The original alignment of California State Route 1 in San Francisco

In 2019 the Gribblenation Blog Series covered the history of the Hyde Street Pier and the original surface alignment of US Route 101 in San Francisco.  Given the Golden Gate Bridge opened to traffic in May of 1937 coupled with the fact that the Sign State Routes had been announced in August of 1934 there were still some open questions regarding the original highway alignments in San Francisco.  Namely the question of this blog is; where was California State Route 1 prior to the completion of the Golden Gate Bridge?  Thanks the to the discovery of a 1936 Shell Highway Map of San Francisco and the California Highways & Public Works the answer can be conveyed clearly.     Part 1; the history of early California State Route 1 in San Francisco The genesis point for California State Route 1 ("CA 1") in San Francisco dates to 1933.  1933 was significant due to the State Legislature allowing the Division of Highways to assume maintenance of highways in Cities for the first time. 

Former California State Route 24 through the Kennedy Tunnel and Old Tunnel Road

 Near the eastern City Limit of Oakland high in the Berkeley Hills one can be find the ruins of the Kennedy Tunnel at the intersection of Old Tunnel Road and Skyline Boulevard.  The Kennedy Tunnel opened in 1903 and was the first semi-modern automotive corridor which crossed the Alameda County-Contra Costa County Line.  The Kennedy Tunnel even saw service briefly as part of California State Route 24 before the first two bores of the Caldecott Tunnel opened in 1937.   Part 1; the history of the Kennedy Tunnel The genesis point for California State Route 24 ("CA 24") being extended into the San Francisco Bay Area begins a couple years before the Sign State Routes were announced when Legislative Route Number 75 ("LRN 75") was added by 1931 Legislative Chapter 82.  According to cahighways.org the original definition of LRN 75 was as simply "Walnut Creek to Oakland."  The instigator for the adoption of LRN 75 was construct a replacement route for the Ken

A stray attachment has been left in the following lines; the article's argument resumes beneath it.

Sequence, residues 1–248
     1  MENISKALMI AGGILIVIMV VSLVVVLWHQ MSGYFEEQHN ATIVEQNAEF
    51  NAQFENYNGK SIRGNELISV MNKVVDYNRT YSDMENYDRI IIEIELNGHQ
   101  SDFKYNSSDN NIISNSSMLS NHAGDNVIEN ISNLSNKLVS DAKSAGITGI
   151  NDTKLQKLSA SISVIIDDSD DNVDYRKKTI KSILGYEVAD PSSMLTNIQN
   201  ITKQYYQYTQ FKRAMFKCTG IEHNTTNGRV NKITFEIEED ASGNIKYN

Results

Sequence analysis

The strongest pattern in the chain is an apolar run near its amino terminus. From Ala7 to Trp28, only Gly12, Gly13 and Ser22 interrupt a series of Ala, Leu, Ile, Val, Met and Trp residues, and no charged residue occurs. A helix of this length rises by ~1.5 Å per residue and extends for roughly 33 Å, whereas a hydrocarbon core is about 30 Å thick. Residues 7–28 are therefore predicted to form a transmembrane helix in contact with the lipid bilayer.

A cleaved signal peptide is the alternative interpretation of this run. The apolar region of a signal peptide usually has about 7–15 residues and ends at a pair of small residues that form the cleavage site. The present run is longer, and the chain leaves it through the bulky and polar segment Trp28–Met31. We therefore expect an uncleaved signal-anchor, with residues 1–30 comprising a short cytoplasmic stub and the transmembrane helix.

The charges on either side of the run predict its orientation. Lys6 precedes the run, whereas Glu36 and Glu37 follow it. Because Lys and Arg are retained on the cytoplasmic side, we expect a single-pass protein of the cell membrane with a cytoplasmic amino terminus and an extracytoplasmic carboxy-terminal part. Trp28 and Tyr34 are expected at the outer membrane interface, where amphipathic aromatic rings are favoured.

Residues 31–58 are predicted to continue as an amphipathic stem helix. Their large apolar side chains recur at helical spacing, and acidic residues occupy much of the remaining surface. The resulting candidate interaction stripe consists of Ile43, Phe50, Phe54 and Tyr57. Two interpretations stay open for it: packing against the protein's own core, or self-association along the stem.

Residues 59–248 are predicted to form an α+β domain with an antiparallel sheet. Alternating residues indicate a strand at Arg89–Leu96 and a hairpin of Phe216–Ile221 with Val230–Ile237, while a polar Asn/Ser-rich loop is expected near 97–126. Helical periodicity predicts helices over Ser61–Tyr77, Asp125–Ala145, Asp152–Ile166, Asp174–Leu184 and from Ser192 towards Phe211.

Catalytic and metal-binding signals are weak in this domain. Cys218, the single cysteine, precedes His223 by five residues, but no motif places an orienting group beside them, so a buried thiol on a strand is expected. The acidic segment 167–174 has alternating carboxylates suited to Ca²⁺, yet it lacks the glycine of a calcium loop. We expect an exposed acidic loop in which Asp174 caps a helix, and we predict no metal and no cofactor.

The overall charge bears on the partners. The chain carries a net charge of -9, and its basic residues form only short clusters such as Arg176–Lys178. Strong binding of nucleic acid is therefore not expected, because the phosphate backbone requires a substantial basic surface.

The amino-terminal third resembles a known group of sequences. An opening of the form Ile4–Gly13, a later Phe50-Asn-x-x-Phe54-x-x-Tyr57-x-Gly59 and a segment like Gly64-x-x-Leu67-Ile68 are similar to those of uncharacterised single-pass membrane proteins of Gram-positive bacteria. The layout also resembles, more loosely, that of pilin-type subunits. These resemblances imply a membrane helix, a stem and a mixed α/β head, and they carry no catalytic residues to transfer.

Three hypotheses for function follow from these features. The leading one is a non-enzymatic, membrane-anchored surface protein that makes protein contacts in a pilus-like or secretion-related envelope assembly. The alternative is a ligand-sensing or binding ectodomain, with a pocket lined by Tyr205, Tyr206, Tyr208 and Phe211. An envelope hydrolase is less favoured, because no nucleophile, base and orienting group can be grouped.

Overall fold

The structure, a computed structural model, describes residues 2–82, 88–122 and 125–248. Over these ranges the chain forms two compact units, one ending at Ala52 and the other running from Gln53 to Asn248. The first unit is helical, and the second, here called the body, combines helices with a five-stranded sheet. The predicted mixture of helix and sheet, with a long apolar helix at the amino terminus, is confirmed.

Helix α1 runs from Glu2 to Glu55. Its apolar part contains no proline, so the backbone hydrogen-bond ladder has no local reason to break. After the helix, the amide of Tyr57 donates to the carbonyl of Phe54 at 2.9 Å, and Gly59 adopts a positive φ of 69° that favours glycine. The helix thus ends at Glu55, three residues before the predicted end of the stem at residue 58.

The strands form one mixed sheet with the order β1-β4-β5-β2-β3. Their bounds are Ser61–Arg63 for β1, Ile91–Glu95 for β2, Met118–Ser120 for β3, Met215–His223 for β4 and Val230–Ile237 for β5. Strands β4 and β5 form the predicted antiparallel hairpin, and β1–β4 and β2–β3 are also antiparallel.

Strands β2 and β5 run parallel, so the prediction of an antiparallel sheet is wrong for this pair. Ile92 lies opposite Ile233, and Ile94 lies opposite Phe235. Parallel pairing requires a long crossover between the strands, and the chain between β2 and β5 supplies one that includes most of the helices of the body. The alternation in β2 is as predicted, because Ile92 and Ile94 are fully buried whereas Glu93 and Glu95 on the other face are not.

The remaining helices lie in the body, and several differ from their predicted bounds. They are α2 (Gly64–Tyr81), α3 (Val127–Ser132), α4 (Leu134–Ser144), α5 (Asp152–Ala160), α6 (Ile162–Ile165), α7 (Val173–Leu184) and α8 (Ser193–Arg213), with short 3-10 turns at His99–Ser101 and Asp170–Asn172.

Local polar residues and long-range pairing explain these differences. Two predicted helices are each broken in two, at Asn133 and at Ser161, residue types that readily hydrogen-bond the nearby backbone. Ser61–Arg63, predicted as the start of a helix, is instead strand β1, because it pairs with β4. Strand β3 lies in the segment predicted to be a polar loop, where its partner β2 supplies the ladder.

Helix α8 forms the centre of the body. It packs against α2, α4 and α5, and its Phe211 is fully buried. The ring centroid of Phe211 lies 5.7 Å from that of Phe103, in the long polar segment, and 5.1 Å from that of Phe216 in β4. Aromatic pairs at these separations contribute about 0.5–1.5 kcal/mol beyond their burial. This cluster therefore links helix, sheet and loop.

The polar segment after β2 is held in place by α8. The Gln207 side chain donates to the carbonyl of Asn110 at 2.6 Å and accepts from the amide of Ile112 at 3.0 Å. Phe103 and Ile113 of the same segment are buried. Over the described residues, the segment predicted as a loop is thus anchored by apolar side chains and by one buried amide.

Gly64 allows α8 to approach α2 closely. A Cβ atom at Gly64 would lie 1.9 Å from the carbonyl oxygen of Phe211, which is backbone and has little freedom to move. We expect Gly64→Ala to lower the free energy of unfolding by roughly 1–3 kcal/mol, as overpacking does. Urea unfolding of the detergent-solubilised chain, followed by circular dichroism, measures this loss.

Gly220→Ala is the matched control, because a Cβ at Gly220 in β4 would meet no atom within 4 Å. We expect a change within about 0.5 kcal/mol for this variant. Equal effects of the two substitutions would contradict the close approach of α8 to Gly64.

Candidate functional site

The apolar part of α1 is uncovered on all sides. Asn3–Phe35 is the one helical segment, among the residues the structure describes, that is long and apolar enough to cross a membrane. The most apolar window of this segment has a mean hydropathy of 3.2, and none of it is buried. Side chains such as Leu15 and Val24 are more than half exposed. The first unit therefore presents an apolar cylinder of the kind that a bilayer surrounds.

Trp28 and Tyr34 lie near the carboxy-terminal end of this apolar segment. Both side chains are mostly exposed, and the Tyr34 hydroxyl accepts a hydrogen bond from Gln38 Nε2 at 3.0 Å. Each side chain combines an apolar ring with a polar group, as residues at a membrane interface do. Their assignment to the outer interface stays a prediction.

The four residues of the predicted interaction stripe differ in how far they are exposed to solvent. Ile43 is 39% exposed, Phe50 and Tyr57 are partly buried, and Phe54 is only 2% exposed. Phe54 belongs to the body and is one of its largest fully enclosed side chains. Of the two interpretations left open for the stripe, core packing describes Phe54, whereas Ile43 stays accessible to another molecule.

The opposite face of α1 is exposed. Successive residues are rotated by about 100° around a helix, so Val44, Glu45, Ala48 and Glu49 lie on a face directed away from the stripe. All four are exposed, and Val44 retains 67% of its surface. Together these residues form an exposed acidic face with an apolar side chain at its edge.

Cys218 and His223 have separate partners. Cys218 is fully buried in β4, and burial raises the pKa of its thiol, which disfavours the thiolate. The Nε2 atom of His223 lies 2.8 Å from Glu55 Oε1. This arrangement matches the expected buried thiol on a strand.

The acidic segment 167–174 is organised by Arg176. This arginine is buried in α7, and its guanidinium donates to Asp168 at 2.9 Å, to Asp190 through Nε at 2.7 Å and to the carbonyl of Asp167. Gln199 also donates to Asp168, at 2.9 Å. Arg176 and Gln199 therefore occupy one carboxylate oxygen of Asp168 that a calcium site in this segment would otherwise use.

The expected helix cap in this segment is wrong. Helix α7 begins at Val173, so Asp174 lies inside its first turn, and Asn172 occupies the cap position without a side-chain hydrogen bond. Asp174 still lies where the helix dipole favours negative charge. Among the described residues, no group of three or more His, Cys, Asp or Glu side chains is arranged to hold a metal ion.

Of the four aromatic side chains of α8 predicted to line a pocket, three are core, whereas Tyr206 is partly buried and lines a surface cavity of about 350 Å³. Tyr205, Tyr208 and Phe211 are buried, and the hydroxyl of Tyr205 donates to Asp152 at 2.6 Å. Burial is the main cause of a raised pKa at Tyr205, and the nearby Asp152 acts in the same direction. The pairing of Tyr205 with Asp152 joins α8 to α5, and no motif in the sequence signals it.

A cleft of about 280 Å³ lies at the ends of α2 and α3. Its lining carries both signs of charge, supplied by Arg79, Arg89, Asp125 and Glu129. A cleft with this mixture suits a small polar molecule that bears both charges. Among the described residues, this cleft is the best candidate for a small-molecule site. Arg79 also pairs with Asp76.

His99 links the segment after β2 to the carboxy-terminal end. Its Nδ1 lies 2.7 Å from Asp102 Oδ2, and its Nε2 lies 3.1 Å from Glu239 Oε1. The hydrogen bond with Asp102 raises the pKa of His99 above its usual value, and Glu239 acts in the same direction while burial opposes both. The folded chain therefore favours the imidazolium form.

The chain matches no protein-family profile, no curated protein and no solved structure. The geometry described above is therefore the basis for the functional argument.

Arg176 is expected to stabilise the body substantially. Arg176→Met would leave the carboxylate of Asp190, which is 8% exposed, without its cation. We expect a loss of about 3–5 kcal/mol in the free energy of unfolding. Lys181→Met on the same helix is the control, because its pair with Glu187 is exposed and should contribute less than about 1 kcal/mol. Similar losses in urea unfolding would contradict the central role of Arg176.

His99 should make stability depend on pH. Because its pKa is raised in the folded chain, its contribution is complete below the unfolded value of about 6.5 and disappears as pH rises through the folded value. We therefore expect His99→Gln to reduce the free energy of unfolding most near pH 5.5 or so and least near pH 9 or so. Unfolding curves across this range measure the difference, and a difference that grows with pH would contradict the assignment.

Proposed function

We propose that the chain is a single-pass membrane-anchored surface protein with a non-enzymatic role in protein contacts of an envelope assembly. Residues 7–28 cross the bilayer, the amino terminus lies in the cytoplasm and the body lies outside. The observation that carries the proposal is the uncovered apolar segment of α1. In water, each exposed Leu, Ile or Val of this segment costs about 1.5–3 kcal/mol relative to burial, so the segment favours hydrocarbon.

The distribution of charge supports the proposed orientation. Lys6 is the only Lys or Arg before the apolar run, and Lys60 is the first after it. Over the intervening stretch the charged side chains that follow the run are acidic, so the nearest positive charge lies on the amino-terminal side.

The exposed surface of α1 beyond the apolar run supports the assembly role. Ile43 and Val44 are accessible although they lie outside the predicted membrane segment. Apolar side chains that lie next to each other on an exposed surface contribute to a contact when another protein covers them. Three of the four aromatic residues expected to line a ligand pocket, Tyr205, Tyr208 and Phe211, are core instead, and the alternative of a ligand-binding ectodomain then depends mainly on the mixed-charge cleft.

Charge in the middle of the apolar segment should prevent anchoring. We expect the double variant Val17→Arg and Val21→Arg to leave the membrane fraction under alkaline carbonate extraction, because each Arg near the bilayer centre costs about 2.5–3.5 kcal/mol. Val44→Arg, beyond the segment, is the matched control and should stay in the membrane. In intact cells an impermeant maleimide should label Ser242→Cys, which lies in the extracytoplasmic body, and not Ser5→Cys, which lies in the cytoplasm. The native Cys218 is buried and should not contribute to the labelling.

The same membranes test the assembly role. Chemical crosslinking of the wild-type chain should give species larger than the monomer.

Santa Clara County Route G8 and the New Almaden Quicksilver Mine

Santa Clara County Route G8 is a 29.38 mile County Sign Route which is part of the San Francisco Bay Area transportation corridor.  Santa Clara County Route G8 begins at California State Route 152 near the outskirts of Gilroy and terminates at former US Route 101 at 1st Street/Monterey Road near downtown San Jose.  Santa Clara County Route G8 incorporates the notable Almaden Expressway and is historically tied to the New Almaden Quicksilver Mine.   (Santa Clara County Route G8 map image courtesy CAhighways.org) Part 1; the history of Santa Clara County Route G8, the Almaden Road corridor and New Almaden Mine The present corridor of Santa Clara County Route G8 ("G8") began to take shape with the emergence of the Almaden Expressway.  According to the October 1960 California Highways & Public Works Unit 1 of the Almaden Expressway opened in November of 1959 between Alma Avenue near downtown San Jose south to the Guadalupe River as part of a Federal Highway Aid Secondary pro